LOUISVILLE, Ky. -- A jury has been selected in the trial of a former Kentucky police officer involved in the deadly narcotics raid that left Breonna Taylor dead.
Former Louisville officer Brett Hankison's trial will begin Wednesday morning when lawyers give opening statements. Hankison is charged with wanton endangerment for shooting into the apartment of one of Taylor’s neighbors on the night of the March 2020 raid. He was fired a few months later. Hankison, whose shots did not hit Taylor, is the only officer charged in the botched raid that ended with Taylor's death.
Attorneys spent Tuesday selecting the final 15 jurors from a pool of 48. Three of the 15 will be alternate jurors.
On Tuesday morning, half of the 48 remaining prospective jurors were questioned by lawyers in the courtroom as a group. The second half went through a similar question session in the afternoon. Eight of the prospective jurors from the afternoon group — seven men and one woman — were selected for jury service. The other seven remaining jurors selected were from the morning session, so they will receive a phone call notifying them they have been selected.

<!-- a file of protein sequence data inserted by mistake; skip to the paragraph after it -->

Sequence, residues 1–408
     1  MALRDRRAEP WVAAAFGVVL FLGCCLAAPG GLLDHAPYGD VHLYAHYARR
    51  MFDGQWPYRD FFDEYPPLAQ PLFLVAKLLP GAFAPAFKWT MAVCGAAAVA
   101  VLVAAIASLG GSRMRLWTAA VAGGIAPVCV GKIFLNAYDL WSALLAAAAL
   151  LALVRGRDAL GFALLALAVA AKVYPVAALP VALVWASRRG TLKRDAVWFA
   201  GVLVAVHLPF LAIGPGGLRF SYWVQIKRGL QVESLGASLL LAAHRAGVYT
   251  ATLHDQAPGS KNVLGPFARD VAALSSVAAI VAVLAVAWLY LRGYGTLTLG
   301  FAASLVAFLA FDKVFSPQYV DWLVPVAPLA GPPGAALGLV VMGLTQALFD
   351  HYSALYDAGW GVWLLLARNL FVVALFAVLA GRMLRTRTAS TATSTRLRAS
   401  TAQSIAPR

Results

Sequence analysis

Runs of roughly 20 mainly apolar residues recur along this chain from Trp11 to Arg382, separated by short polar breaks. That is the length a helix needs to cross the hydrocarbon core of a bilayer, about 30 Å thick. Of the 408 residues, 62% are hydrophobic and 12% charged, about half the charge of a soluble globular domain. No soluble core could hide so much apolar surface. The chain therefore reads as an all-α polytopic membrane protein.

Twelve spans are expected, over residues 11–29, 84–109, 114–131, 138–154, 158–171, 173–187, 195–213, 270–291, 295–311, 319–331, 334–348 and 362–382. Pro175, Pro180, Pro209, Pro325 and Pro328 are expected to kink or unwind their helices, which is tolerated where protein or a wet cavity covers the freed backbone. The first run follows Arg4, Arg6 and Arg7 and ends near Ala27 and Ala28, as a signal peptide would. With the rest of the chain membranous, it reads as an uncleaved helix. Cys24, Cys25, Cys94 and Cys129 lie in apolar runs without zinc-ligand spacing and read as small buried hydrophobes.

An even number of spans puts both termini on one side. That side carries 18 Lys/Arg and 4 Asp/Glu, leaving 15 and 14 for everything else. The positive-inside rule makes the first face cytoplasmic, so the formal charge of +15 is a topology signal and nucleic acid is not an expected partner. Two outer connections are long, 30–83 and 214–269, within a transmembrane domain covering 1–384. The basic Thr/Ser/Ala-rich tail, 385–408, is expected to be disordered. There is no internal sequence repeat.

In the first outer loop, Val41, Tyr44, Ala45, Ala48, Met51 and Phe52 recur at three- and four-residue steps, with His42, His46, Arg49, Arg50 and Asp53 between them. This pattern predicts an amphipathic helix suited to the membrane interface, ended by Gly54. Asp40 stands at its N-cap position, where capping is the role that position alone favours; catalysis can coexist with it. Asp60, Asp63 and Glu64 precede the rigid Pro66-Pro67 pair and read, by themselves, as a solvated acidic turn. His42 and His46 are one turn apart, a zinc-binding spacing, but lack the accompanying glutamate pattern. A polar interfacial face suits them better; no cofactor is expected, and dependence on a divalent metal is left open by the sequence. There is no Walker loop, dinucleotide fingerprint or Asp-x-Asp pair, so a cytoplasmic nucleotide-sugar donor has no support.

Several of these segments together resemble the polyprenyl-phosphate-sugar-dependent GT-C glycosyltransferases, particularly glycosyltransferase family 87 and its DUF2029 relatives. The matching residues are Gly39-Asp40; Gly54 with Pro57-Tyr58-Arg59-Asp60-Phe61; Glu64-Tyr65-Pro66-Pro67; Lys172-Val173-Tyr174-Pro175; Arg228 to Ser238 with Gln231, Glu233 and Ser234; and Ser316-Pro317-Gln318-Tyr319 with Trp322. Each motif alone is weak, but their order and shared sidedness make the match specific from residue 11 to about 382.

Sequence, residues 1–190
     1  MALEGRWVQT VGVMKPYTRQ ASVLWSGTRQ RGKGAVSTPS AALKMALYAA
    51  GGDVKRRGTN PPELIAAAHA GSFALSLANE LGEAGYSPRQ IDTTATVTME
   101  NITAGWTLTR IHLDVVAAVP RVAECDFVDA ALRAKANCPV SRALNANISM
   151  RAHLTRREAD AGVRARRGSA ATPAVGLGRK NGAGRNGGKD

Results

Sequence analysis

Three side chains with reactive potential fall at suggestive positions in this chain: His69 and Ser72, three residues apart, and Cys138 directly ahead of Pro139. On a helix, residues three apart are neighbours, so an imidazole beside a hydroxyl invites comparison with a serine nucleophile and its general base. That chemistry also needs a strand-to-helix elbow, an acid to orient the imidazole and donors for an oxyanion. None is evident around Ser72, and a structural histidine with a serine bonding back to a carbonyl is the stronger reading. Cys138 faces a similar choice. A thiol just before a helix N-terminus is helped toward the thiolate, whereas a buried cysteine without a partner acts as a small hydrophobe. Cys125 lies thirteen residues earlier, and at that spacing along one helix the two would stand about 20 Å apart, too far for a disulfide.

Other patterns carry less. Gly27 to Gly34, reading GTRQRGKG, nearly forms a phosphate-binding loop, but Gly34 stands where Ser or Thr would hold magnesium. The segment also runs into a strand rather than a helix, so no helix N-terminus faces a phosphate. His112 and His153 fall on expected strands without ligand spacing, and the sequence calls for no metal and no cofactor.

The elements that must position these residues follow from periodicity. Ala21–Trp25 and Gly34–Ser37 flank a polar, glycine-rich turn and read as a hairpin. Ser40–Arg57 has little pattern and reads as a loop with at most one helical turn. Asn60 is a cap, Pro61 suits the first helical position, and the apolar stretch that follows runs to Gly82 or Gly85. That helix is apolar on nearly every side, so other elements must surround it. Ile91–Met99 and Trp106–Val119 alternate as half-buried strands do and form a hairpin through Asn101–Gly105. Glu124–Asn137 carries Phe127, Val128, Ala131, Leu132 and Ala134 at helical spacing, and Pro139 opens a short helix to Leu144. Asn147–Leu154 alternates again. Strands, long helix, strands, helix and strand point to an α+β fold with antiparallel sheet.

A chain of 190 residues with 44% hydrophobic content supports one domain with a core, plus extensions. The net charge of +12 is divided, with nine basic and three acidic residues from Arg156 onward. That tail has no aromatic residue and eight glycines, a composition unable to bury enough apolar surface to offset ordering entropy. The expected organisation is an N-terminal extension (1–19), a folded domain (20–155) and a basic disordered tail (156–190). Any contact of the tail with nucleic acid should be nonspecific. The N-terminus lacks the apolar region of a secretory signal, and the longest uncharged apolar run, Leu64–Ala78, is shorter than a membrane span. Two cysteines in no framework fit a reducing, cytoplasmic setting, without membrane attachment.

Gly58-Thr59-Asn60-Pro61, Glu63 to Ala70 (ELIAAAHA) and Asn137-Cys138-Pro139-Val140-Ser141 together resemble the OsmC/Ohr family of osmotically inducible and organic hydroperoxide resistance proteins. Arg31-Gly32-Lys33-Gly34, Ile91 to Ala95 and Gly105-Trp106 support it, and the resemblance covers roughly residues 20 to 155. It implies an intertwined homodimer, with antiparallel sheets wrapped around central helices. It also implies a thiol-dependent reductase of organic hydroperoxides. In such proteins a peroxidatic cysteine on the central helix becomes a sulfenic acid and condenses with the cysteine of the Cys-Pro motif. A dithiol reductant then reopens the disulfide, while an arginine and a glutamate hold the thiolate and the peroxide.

Court officials initially gathered an expanded pool of 250 potential jurors, to account for the widespread publicity in Taylor's death, which sparked months of marches and protests in downtown Louisville in the summer of 2020. From that large pool, the remaining 48 were selected after four days of individual questioning earlier this month.
Taylor, a 26-year-old Black woman who worked as an emergency medical technician, was shot multiple times during a botched narcotics raid on March 13, 2020. Louisville officers kicked in her door using a narcotics warrant and drew fire from Taylor's boyfriend, who thought an intruder was breaking in. Two officers at the door returned fire, killing Taylor.
One of the officers who shot Taylor, former Louisville police detective Jonathan Mattingly, has invoked his Fifth Amendment privilege and will not testify at the trial due to a pending federal investigation. Jurors will instead hear parts of a video deposition Mattingly gave in a pending civil lawsuit.
The trial is expected to last about two weeks.